U.S. automakers are cutting prices as they try to reduce dealer inventories:
Now, as the WSJ reports, Detroit’s big 3 are trying to sweeten discounts to clear a massive inventory of unsold vehicles from dealer lots (desparate not to start a profit-killing price war). “We believe we can sell our way out,” said GM, but as Morgan Stanley warns, “the best of the U.S. auto replacement cycle is over.” Good luck…
Good luck, indeed. When was the last time you passed an empty, or almost empty, new car lot? Who is buying all of those cars that are being manufactured? For example, in 2012 Kia built 355,000 cars at its plant in West Point, Georgia. The plan was to build 360,000 cars and SUVs at the same plant in 2013. But what Kia and other auto manufacturers don’t tell you is that they count a car as sold when it leaves the factory and is sent to a dealer, not when a car is actually sold to a consumer.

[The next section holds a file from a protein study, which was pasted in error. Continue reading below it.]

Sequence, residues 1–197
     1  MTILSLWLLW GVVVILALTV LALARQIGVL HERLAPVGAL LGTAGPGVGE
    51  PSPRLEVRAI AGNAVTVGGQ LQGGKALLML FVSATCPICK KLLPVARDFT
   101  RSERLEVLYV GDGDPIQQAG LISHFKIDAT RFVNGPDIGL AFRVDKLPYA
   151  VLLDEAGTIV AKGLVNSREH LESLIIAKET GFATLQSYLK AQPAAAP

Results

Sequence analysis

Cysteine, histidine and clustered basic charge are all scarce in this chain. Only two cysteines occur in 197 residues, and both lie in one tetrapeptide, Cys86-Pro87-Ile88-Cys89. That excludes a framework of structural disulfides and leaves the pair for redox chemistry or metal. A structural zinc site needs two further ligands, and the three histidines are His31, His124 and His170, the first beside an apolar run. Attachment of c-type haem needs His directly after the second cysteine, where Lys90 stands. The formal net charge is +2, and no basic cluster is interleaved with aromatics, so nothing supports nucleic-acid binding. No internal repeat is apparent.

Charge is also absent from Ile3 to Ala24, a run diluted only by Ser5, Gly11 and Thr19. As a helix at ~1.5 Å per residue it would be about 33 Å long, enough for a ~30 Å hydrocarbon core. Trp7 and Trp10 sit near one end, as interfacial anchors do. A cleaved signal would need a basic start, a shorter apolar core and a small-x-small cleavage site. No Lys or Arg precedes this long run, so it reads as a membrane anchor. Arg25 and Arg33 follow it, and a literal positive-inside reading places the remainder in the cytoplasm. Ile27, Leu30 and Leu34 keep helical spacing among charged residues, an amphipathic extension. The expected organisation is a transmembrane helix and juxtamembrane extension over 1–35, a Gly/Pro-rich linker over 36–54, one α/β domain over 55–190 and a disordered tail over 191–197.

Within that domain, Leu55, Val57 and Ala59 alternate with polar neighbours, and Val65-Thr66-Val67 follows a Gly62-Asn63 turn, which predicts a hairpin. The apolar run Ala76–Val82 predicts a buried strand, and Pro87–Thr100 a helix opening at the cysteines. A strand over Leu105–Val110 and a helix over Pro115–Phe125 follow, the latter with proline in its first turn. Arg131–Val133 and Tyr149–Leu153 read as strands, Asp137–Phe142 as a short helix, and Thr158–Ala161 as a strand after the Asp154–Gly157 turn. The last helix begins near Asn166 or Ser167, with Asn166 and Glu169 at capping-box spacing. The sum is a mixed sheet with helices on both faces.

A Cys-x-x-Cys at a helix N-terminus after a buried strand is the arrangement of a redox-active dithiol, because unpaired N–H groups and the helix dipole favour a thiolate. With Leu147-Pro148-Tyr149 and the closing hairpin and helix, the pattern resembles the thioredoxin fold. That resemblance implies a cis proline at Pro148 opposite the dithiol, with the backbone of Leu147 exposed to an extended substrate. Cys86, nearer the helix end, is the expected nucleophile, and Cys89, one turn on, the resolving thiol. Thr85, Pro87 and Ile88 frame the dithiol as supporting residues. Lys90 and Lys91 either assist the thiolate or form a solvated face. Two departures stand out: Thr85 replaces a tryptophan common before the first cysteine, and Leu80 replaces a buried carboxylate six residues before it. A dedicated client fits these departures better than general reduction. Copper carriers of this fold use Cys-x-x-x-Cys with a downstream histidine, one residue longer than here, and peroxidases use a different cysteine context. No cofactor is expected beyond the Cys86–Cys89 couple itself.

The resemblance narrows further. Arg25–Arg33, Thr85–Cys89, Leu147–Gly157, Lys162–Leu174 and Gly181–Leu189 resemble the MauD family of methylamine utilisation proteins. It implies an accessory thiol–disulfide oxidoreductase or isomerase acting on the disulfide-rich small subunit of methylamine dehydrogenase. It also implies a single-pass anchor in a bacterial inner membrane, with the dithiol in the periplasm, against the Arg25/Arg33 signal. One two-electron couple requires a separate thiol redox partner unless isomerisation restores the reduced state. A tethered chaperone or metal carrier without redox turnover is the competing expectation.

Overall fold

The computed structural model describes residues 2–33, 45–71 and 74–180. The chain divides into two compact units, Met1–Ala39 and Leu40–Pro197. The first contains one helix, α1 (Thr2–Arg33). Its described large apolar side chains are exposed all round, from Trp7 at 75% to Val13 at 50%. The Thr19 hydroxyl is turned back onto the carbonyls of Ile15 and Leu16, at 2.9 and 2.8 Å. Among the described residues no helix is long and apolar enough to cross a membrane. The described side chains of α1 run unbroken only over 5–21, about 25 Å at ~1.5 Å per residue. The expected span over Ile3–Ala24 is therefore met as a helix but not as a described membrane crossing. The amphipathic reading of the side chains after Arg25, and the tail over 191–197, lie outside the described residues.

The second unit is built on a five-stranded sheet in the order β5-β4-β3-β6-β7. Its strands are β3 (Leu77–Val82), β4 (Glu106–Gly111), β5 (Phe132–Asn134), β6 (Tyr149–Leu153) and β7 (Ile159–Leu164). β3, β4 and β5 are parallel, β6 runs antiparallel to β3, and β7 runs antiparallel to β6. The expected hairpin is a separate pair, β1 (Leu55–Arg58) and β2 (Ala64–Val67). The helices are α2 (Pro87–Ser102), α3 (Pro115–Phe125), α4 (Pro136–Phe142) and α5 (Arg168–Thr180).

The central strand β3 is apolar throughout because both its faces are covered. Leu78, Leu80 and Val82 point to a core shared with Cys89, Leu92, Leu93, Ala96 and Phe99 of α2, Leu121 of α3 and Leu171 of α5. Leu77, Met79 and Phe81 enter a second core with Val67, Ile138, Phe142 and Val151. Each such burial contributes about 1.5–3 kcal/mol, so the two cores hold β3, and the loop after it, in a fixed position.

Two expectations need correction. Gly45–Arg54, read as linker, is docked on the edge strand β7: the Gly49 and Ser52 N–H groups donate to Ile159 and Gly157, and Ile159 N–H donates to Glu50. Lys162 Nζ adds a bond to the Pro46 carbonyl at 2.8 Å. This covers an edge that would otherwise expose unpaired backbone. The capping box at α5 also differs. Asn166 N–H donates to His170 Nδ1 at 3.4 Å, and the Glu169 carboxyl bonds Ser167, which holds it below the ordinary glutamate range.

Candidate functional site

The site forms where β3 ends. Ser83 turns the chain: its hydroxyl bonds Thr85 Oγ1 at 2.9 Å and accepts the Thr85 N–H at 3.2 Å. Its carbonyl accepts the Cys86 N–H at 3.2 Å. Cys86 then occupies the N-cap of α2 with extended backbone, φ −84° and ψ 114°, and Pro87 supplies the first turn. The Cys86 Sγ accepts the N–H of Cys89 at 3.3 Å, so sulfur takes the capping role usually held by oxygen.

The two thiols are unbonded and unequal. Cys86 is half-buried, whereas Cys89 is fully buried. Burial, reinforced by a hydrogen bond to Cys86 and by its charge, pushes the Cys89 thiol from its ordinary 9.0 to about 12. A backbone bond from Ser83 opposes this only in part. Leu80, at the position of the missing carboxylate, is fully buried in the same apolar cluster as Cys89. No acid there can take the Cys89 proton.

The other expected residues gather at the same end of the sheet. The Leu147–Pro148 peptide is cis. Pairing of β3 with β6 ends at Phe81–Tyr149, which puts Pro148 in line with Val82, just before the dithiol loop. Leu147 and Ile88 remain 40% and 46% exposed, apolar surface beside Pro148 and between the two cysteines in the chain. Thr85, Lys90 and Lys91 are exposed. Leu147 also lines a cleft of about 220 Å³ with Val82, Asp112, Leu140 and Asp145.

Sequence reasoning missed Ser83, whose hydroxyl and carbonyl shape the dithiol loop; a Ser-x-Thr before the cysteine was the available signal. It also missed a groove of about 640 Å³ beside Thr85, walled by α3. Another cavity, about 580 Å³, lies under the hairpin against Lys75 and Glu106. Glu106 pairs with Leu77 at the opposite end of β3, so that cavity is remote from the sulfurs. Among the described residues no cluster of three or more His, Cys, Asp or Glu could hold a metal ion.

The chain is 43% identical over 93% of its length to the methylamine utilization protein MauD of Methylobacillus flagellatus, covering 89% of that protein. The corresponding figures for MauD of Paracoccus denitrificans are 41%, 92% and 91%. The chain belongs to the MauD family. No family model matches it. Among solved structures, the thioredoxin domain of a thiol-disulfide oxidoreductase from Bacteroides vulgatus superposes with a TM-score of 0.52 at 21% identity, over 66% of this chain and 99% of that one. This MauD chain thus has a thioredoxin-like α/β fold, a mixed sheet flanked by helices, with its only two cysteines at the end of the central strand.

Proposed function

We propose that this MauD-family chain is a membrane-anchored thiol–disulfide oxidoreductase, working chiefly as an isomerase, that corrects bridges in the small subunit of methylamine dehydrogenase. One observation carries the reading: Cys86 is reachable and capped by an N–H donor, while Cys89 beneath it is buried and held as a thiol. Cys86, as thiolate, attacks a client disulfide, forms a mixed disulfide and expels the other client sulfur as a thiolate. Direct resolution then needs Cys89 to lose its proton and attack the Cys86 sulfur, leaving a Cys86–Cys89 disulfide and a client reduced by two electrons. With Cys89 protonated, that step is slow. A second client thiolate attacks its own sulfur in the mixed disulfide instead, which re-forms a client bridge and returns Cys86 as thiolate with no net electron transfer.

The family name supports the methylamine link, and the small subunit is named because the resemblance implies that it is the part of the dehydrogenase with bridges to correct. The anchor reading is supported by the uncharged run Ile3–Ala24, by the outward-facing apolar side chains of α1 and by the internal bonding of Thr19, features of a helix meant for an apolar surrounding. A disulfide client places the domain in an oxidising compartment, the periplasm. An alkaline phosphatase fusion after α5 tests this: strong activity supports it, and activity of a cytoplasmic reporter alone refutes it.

As a result of this fraudulent accounting trick, the supply of cars on dealers’ lots is increasing. Hence the need to offer additional incentives to entice consumers to buy a new car. This is what happens when supply exceeds demand: the price of the good falls.
My advice: wait a couple of years to buy that new car. Things are so dire for the auto industry that the manufacturers should be giving cars away by then.
What a country!